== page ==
If there was a word-of-the-day Sunday, it would have been "throw."
For starters, the Mariners wore "throwback" uniforms from 1977, which was their inaugural season. Then, first baseman Richie Sexson was thrown out of the game in the sixth inning after "mocking" umpire Mark Carlson, according to manager John McLaren. To cap it all off, it was an errant throw that allowed the Mariners to win the game.
Every one of those throws adds up to one crazy win.
Sexson never shouted or cursed at the umpire, but was clearly aggravated when Carlson claimed his foot left the base as he stretched to catch an off-line throw from shortstop Willie Bloomquist. McLaren was initially upset with the ejection, but quickly apologized after he was informed about the exchange between the two.
"Richie was a little bit out of line, and the umpire did what he had to do," McLaren said. "I apologized to the umpire, I was not listening to him. He was trying to tell it to me, and I guess the Lou [Piniella] came out of me, because I wasn't hearing much."
Broussard, who was in the training room stretching for a possible pinch-hit at bat, was immediately called into the game, much to his surprise.
"I had to scamper down, find my glove, my hat, and just run out there," Broussard said. "It was great, I got into a close ballgame, and got to come up and have the chance to make a difference."
The A's quickly erased a 6-0 Mariners lead and eventually jumped ahead of them, using a four-run sixth to grab a 10-7 advantage. Seattle quickly got one run back in the seventh, setting up Broussard's dramatic shot.
Broussard stepped to the plate later in the inning with two outs, two strikes and a runner on base. All of a sudden, the regularly playing reserve was in a big situation, one he would not have been in had Sexson not been tossed from the game.
"I don't get too caught up in it," Broussard said of not being a regular starter. "I just use it as motivation, turn it around and take it out on the pitcher."
That he did.
Broussard blasted Casilla's 2-2 pitch 401 feet to right field, knotting the score while sending the crowd at Safeco Field into a frenzy. They continued to cheer, and refused to sit down until Broussard left the dugout for a curtain call, his first in Seattle.
"I wasn't expecting it," Broussard said. "I was getting beat up in the dugout, and everyone was cheering, and then I got to go out there, and I think it was just more for our team, just a curtain call for the team."
Just one inning later the Mariners scored the eventual game-winning run after pitcher Huston Street threw the ball away while fielding an attempted bunt from Jose Lopez, who was trying to advance pinch-runner Jason Ellison from second. First baseman Dan Johnson couldn't handle the throw, and Ellison scored when the ball bounced into foul territory.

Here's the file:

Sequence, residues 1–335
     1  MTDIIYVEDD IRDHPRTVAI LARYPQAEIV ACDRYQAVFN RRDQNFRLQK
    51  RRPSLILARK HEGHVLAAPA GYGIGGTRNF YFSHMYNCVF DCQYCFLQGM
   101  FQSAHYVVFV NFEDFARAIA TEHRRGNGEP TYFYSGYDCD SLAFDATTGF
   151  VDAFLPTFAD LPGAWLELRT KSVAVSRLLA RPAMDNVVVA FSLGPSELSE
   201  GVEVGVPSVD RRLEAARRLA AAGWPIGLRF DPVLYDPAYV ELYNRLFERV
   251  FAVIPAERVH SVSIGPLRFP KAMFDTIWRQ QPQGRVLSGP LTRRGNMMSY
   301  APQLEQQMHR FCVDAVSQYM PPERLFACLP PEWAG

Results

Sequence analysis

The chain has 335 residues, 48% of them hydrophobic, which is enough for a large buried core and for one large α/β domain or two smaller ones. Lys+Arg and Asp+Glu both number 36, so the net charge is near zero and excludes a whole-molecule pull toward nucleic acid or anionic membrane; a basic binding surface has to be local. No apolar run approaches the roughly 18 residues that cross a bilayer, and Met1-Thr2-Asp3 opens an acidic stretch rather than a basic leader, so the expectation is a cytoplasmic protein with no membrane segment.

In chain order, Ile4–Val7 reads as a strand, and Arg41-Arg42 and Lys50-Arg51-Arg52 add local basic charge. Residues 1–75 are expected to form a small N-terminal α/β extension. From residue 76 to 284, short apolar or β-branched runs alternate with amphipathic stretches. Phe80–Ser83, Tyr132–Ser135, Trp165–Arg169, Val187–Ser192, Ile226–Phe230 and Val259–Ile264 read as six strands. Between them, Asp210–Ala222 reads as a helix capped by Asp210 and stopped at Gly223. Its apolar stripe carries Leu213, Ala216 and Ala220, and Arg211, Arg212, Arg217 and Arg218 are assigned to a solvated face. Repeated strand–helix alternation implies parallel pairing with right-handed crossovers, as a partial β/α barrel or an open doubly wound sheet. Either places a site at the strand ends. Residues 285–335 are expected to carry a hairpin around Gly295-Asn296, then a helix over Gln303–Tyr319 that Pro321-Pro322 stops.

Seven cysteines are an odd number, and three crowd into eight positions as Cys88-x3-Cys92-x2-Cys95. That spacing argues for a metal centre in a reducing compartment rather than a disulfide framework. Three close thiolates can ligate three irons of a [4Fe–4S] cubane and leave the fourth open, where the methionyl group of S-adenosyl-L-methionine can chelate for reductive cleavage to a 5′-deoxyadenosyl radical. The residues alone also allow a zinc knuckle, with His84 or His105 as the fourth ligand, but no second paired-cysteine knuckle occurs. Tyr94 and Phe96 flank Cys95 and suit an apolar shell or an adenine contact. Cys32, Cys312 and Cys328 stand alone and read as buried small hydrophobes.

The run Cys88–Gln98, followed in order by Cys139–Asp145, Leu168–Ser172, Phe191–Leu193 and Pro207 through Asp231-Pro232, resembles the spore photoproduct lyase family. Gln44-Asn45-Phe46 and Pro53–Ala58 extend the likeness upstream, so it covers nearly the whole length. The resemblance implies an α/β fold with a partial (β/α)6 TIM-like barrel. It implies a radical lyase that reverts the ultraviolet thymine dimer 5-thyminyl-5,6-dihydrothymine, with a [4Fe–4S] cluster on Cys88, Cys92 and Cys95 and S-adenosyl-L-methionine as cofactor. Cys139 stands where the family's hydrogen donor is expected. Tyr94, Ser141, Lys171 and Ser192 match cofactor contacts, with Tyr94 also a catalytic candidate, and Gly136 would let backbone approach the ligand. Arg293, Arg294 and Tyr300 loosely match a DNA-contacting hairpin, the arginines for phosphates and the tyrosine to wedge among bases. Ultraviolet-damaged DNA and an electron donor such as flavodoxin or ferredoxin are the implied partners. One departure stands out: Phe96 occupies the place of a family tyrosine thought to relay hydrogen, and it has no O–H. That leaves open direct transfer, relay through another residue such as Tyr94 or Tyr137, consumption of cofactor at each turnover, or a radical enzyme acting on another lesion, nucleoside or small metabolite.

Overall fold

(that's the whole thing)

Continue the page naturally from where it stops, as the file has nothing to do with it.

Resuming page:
Broussard tacked on an RBI single in the eighth.
As if there wasn't enough going on in Sunday's game, center fielder Ichiro Suzuki became the third-fastest Major Leaguer to reach 1,500 hits with a second-inning single. Ichiro, who has recorded 200 or more hits in each of his six big league seasons, reached the milestone after 1,060 games.
"I'm disappointed because people will stop talking about it now," Ichiro joked. "Maybe I should have stopped at 1,499."
Only Al Simmons (1,040 games) and George Sisler (1,048) reached the benchmark faster than Ichiro, who surpassed Ty Cobb's mark of 1,070 games.
The accomplishment came in the midst of a Mariners' outburst, where they recorded six runs in the game's first two innings. Starter Jarrod Washburn and reliever Chris Reitsma were unable to hold the lead though, as they allowed a combined nine runs in a span of four innings.
But, just as they have done 32 times this season, the Mariners scratched and clawed their way back into the game, giving them a huge boost on the eve of a three-game series with the division-leading Angels.
"Any head-to-head game with them is going to be big for us just because that's who we're chasing," Broussard said. "We know we just have to go out and play good baseball, and figure out ways to win."
However, the game arguably belonged to Broussard, who finished the game 2-for-2 with three RBIs and one run scored. He is now hitting .287 on the season, but is continually mentioned in trade talks.
"If something happens, and we lose somebody on the team, whether it's me or anybody else, it's kind of the nature of the game," Broussard said. "It's hard, but at the same time it can be exciting."
For a moment, though, he spoke for the team on the field. The rally seemed like the culmination of a team coming together at the right moment. And as Broussard watched his monster blast sail just under the Hit it Here Café level in right field, he pointed to his teammates, who were just as fired up as the fans.
"I can't explain it," he said of the moment. "I was just pumped for me team more than anything. I hit it and looked at them, and I was just kind of fired up seeing them respond."